His freshman season was sensational. He was exactly what we needed; someone to drive the bus and distribute the ball. We didn't need him to make plays and he succeeded in that role.

Then he caught a case of happy feet and turned into a street baller. I have no idea if it's him, or if we just didn't have people open, but when you scramble and throw on the run 70% of the time, you are going to throw a lot of INTs. It led to our only big plays through the air, too, so it's not all bad. Still, you won't see instructional videos teaching QBs to underthrow 40 yard passes off of one foot while on the move.

Scrambling so often that it practically becomes standard operating procedure is a huge worry that needs to be solved. Since Colt was nice and calm in 2006 I can hope that he returns to form, but he might have caught permanent scramblitis and we have no cowbell to cure him.

He also gets lazy on his reads, or desperate if he is on the run, and throws into traffic with alarming regularity. Getting good, efficient QB play has never been a Greg Davis staple, so we'll have to count on the run game to take pressure off Colt this year. He's already proven he can't carry the load on his own.

It would be easy to blame Davis for this, since defenses have never had problems stopping his passing game without a run threat to go with it. But it doesn't really matter whose fault it is, only that the outcome is that Colt is not effective. I know he can do it, but my lack of faith in Davis leaves me pessimistic.

Beating OU - 50% Kool-Aid

Last year was the worst Texas football team Mack Brown has produced, and we were still a fumble and a missed tackle away from beating a good OU squad. There, that is the only good thing I can say about last year's game.

Beating OU is not about how good they are, but about you achieving a minimum competency at attacking their weaknesses, which are pretty much the same every year. OU is a measuring stick. If you can beat them, you're elite. If you can't, you suck and need to go back to the drawing board. They haven't been a real title contender in years, although they've had good seasons propelled by a weak Big 12. But they put the same team out year after year and straddling that line between really good and good.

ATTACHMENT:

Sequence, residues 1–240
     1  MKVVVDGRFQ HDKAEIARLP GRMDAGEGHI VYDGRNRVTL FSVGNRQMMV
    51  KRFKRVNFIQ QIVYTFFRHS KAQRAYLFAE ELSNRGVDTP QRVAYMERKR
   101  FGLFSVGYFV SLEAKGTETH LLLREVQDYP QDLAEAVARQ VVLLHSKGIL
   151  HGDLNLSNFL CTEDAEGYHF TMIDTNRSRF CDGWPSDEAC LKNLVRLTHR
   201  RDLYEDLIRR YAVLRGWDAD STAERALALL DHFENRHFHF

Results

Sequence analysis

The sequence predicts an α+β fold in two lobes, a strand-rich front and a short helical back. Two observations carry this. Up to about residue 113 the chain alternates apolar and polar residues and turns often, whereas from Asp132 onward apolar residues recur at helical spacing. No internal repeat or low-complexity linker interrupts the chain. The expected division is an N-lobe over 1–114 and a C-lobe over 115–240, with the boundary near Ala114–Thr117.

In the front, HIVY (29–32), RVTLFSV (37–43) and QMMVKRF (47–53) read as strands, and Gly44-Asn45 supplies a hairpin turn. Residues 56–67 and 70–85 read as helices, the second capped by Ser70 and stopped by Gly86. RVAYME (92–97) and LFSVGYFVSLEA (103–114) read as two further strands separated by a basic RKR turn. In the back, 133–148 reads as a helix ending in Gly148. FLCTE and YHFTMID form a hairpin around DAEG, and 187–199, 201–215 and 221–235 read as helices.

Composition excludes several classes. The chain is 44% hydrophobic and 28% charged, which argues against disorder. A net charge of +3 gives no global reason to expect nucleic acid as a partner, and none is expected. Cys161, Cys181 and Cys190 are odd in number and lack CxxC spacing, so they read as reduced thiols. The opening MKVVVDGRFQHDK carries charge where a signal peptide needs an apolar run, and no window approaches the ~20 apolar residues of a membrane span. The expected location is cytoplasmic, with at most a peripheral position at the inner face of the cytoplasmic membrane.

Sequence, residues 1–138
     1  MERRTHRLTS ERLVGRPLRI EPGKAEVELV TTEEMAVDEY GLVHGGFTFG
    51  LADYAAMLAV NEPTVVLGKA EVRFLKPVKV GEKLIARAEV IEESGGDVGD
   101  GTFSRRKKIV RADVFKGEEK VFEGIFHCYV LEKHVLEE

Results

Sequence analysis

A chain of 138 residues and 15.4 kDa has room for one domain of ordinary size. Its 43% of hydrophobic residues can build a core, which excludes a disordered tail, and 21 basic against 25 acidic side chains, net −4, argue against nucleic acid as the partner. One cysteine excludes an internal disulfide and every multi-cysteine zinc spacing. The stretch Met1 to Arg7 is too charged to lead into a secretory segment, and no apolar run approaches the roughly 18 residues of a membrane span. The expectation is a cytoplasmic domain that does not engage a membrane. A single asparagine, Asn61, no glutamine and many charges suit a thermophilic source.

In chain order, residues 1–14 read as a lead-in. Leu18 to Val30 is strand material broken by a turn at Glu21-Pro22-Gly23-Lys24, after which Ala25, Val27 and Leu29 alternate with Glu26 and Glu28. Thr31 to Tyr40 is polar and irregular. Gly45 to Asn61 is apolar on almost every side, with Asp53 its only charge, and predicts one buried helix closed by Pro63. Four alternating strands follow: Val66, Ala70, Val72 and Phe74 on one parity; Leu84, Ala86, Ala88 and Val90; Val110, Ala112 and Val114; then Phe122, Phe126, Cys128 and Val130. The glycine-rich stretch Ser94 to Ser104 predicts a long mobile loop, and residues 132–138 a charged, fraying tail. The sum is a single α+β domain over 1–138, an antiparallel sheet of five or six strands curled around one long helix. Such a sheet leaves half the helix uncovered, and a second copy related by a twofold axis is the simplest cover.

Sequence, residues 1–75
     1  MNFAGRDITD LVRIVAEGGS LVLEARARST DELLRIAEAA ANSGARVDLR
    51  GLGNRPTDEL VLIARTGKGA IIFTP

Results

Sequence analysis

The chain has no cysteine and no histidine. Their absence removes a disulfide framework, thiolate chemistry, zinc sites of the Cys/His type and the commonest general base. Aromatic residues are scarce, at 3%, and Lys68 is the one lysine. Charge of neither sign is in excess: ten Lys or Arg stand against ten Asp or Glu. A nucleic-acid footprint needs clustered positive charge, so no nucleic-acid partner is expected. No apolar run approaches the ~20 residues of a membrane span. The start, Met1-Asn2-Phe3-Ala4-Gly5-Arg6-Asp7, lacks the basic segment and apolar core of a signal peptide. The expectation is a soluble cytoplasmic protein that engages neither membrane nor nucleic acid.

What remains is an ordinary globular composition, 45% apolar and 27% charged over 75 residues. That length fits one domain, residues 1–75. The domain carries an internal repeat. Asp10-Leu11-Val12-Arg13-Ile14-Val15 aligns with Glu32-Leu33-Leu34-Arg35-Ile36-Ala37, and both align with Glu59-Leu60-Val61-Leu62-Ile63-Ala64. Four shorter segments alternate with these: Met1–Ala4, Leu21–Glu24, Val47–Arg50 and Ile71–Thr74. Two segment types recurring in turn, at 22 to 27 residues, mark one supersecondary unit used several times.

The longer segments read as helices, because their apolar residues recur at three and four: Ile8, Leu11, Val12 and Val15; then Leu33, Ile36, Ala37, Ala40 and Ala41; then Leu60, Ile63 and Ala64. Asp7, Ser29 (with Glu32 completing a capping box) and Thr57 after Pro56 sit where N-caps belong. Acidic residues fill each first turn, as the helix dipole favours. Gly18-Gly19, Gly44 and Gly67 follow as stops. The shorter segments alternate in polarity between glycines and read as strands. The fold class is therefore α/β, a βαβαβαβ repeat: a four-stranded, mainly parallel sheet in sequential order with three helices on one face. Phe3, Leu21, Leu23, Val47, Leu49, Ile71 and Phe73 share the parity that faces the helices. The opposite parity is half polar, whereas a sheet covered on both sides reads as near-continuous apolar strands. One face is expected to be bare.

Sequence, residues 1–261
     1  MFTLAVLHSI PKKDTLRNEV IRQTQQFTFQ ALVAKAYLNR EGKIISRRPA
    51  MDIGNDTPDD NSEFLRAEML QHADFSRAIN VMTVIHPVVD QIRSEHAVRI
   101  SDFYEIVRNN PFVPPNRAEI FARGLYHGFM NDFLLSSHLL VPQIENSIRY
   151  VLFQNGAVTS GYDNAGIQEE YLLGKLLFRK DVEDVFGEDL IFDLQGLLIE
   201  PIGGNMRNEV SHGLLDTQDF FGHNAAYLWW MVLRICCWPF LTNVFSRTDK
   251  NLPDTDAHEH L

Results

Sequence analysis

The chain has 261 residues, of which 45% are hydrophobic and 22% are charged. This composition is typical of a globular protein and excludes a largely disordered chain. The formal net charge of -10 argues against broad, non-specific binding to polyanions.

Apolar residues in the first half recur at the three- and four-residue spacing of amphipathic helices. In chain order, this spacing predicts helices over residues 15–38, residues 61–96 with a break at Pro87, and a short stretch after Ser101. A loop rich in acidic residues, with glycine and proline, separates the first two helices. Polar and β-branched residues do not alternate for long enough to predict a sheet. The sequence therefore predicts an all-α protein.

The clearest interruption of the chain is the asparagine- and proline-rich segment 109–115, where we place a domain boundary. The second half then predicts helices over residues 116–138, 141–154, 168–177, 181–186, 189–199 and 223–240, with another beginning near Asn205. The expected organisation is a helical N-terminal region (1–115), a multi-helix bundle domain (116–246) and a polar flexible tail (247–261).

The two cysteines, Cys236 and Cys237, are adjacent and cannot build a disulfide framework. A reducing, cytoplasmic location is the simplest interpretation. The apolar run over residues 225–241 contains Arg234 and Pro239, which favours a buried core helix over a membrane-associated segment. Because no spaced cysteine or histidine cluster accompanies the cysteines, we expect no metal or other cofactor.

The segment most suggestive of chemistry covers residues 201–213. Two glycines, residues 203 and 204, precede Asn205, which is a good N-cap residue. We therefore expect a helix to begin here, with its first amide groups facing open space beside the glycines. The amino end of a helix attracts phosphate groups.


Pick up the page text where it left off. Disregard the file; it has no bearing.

So the question is, are we good, or really good? We have to be able to hit big plays through the air, we have to be able to protect the passer, we have to be able to run at least a little bit, we have to stop their run game, and we have to disrupt the QB. The 2007 Texas squad was good at exactly none of those.

This year we should have at least a few covered. Our OL will be better, and hopefully that will spread to other parts of the team. Our skill players are questionable, but you don't really need great talent to beat them, just a good game plan and proper execution.

Our defense will be much better, and it has to be. Sam Bradford is the best QB in the conference, and there are plenty of weapons available to him even without Malcolm Kelly. If we can stop the run we can beat them, and if everyone stays healthy we can stop the run. We can win, but we've shown a great ability to yank defeat from the jaws of victory (but not an ability to yank chicken mcnuggets from the jaws of Maddog).

If I trusted our passing game it would be easier to drink the Kool-Aid. As it is, I just have to hope we pull it together on defense.

Recruiting - 100% Kool-Aid

Lots of folks were worried last year after OU got the 2 best players in the state (Aaron Williams disagrees) and we passed on several good prospects who didn't meet our stringent GPA standards that we impose on ourselves to take Blake Gideon and Hey Maybe He Can Be Our Wes Welker, Jr.

I wasn't worried. Not because those weren't questionable moves, because they were. But I wanted to wait to see if it was a long term shift in philosophy. Well, it wasn't. We are right back to dominant. We fudged up the Russell Shepard thing, but we could've had him easily so it's easier to get the Kool-Aid down.

The best news is that OU and A&M were absolutely obliterated in state. We are at our best when we lock OU out, so the good news is that we ate up the top 10 in the state quickly and the leftovers will probably end up at LSU's wallet.

There are going to be big losses every year, but we've definitely proven that we are not going to target short white kids because they are honor roll students as a habit. We should've done whatever it took to get Shepard, but it's not like there was an inherent problem here that made him stay away. We are just idiots.

Oddly, that makes me feel a little better.